Summary: The Apostles Creed - From whence he shall come to judge the living and the dead
Do you remember how paranoid people were during 1999 as we came up to year 2000? I have with me this morning the box from my filter coffee maker. Looks innocent enough, doesn’t it? But it shows how paranoid everyone was. The coffee maker has a Y2K compliance sticker on it. The sticker says "Y2K OK – this product is not effected by the millennium bug." But it’s a coffee maker? Was it really going to blow up if I switched it on after midnight? & anyway how does a coffee maker know what the date is? Whoever ordered these stickers was effected by the millenium bug - probably a lawyer, there usually behind these sorts of things. Doesn’t it show how paranoid we were?
I remember watching documentaries about the major world catastrophes that awaited us, but despite all the wild & crazy predictions the year 2000 rolled around and the coffee maker made coffee, the microwave worked, the computer hadn’t blown up, the traffic lights worked, the stock market didn’t crash, the new ice age hadn’t started, Jesus hadn’t returned & everything went on as normal.
As far as the end of the world goes the Year 2000 was a major anti-climax. A real disappointment – but didn’t it make everyone paranoid & play on our fascination with end of the world & second coming theories?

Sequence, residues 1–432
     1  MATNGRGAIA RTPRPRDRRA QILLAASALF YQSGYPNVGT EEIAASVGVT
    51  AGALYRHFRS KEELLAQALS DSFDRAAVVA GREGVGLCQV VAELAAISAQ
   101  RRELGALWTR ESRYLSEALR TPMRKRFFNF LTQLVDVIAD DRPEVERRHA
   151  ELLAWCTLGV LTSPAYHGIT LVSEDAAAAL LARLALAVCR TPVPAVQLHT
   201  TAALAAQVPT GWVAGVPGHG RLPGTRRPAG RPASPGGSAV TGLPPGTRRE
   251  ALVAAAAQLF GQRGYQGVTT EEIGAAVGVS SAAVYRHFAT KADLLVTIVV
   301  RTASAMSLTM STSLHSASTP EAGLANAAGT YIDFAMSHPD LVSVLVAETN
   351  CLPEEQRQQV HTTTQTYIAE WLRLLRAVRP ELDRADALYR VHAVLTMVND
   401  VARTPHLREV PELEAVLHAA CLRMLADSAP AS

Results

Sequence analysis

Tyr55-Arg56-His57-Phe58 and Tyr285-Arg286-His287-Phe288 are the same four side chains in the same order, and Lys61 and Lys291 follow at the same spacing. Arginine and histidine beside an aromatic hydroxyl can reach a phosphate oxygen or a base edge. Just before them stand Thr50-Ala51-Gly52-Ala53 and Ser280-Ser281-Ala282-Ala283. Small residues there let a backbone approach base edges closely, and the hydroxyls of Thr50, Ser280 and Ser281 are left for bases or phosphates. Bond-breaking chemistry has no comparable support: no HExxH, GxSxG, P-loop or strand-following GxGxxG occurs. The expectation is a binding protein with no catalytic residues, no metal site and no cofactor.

Think of how many movies there are about the end of the world. Whether its aliens invading or mass suicide to catch a ride on a passing space ship. It seems that the amount of crazy cults and doomsday predictions are endless. Today more Christians probably get their end times theology from the Left Behind series than from the Bible.
So when it comes to the end of the world 1 thing seems certain. Whether it’s the predictions of Nostradamus, the Celestine Prophecies, the Left Behind series or the da Vinci Code, it seems certain that these religious fads will come and go until the end of time.
In April this tongue-in-cheek article appeared in the Age by Andrew Masterson. He reports on a little-known religious group called The Second Coming Project. The groups aim was to initiate the End Times by cloning Jesus. To make this happen the group needed two things, the DNA of Jesus and a virgin.
While this group might be a hoax, Masterson reports on another fair dinkum group calling itself "Christians for the Cloning of Jesus" – on their website they state "We can’t sit back and wait for Jesus; He has given us the power to bring him to us." This group are seeking to use DNA from the Shroud of Turin and a Maronite virgin. They plan not just one cloning but thousands, a Jesus for anybody that asks. Their website says, "No more communicating with God through your pastor or priest. Just imagine a world with a Jesus in every household…"
Now I don’t know which is sadder, the fact that there are websites and groups out there that say this sort of thing, even if it’s a joke; or the fact that our media picks up on these pathetic groups and use them to ridicule Jesus, to ridicule Christians and to muddy the waters of authentic Christian faith.